Man arrested after illegal firearms, explosive devices found at his Napa business, officials say
The owner of a Napa, Calif., auto repair shop has been arrested on suspicion of weapons offenses after a search of his home and business turned up five homemade pipe bombs, multiple illegal firearms, more than 15,000 rounds of ammunition and several pounds of gunpowder, authorities said.
It’s too early to tell whether the activity was related to terrorism, said Henry Wofford, public information officer for the Napa County Sheriff’s Office, but the office has contacted the FBI, which has launched a parallel investigation. Several other state and federal agencies are also involved, he said.
“One thing we don’t want to do is cause an unnecessary panic, but at the same time we don’t want to overlook anything that is out there,” Wofford said Sunday. “This investigation is ongoing, which is why we have shared the evidence with other agencies as well.”
Sheriff’s investigators carried out the searches Friday morning after receiving an anonymous tip that Ian Benjamin Rogers, 44, kept illegal guns at his home and business, Wofford said. Of the 50-plus firearms they found, eight to 10 were illegal, including assault weapons and a machine gun, and several more were unregistered, he said.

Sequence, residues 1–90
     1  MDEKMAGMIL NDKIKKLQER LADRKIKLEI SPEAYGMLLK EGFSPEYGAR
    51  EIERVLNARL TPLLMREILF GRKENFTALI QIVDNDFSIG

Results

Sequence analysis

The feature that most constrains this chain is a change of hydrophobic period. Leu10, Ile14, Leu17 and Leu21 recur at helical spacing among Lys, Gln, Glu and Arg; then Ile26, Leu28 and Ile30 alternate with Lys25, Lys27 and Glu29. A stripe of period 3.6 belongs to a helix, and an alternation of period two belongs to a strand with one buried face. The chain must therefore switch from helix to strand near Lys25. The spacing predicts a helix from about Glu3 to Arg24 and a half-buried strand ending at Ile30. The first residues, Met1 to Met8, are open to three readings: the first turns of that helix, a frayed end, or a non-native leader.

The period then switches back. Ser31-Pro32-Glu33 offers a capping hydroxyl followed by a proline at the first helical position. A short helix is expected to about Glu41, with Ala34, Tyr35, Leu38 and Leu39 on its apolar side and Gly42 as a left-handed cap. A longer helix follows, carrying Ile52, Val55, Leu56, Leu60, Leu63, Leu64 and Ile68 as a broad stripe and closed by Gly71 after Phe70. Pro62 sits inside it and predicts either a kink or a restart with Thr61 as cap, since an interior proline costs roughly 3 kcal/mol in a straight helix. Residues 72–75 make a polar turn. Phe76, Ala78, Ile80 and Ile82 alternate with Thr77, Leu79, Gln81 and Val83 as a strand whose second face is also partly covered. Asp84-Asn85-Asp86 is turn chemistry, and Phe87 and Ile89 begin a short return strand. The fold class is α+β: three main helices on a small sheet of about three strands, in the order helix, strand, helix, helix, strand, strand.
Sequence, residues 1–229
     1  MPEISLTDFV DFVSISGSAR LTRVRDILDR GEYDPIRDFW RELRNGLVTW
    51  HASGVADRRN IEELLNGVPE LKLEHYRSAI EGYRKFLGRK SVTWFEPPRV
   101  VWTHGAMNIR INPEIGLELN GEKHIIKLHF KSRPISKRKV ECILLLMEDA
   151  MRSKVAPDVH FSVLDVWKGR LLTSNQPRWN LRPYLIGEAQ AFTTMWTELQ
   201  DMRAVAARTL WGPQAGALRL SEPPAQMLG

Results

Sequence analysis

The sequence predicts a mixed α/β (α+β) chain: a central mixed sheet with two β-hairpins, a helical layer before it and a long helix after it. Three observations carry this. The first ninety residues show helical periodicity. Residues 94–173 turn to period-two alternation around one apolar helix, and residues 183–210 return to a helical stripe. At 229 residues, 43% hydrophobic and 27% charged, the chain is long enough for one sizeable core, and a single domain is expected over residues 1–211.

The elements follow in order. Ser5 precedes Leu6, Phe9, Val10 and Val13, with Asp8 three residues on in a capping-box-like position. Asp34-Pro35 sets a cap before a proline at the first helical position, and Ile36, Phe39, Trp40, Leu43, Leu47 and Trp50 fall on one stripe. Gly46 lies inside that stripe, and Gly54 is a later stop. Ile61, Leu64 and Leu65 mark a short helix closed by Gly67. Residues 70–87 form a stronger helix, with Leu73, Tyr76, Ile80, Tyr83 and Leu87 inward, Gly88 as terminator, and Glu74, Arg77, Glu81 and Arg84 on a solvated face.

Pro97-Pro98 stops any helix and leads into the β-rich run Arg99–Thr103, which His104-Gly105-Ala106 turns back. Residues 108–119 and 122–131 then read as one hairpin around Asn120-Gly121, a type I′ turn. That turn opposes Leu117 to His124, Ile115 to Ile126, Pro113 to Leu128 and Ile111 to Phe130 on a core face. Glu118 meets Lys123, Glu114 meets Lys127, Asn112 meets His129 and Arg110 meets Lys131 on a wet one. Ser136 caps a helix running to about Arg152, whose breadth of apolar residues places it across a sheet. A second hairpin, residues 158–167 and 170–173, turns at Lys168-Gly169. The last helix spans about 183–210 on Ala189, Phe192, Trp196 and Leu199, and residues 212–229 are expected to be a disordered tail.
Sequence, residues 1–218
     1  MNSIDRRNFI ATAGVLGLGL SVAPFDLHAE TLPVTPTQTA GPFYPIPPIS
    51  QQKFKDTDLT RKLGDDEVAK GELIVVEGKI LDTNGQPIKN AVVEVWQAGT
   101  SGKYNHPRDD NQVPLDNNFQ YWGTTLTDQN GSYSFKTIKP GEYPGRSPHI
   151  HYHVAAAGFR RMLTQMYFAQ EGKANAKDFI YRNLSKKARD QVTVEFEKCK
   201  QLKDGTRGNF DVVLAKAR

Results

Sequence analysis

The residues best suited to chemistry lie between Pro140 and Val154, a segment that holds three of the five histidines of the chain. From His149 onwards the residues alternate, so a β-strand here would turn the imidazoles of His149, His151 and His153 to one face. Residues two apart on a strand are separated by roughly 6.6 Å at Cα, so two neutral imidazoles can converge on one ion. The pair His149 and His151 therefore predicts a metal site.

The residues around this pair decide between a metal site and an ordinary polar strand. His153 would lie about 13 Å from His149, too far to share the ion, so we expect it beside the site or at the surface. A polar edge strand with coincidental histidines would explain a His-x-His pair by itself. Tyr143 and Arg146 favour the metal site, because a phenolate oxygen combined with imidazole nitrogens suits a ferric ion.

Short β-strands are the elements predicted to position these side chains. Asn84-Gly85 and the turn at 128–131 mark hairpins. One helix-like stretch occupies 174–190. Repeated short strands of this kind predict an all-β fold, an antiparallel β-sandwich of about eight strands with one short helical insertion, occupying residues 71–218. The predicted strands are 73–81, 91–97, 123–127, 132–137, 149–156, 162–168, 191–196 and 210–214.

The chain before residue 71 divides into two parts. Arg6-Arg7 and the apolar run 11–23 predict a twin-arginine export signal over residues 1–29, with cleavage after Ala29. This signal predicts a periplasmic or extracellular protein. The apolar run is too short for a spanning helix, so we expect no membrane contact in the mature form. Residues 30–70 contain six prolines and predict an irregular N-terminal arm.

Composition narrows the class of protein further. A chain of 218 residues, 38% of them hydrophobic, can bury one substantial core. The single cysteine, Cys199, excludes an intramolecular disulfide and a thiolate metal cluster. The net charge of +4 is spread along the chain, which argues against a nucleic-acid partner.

The pipe bombs were found inside a safe at Rogers’ shop, British Auto Repair of the Napa Valley, at 1630 Action Ave., authorities said. Bomb-making materials were also found inside Rogers’ home, Wofford said.
Rogers was detained Friday morning and interviewed by sheriff’s detectives. He was arrested and booked into jail about 3 p.m. on suspicion of seven felonies and one misdemeanor, including possessing a destructive device and substances to make a destructive device, as well as possessing an assault weapon and machine gun. His bail was set at $5 million, the Sheriff’s Office said.
Wofford declined to say whether Rogers was believed to be politically active or to disclose the nature of the evidence that prompted the Sheriff’s Office to contact federal authorities, citing the need to preserve the integrity of the investigation. The Sheriff’s Office is handling the weapons charges, he said.
“We’re still talking with him and trying to make other connections as well,” Wofford said. “We don’t discuss tactics. But one thing you can be assured of is we’re going to do a thorough investigation to make sure the community is safe.”
The stories shaping California
Get up to speed with our Essential California newsletter, sent six days a week.
You may occasionally receive promotional content from the Los Angeles Times.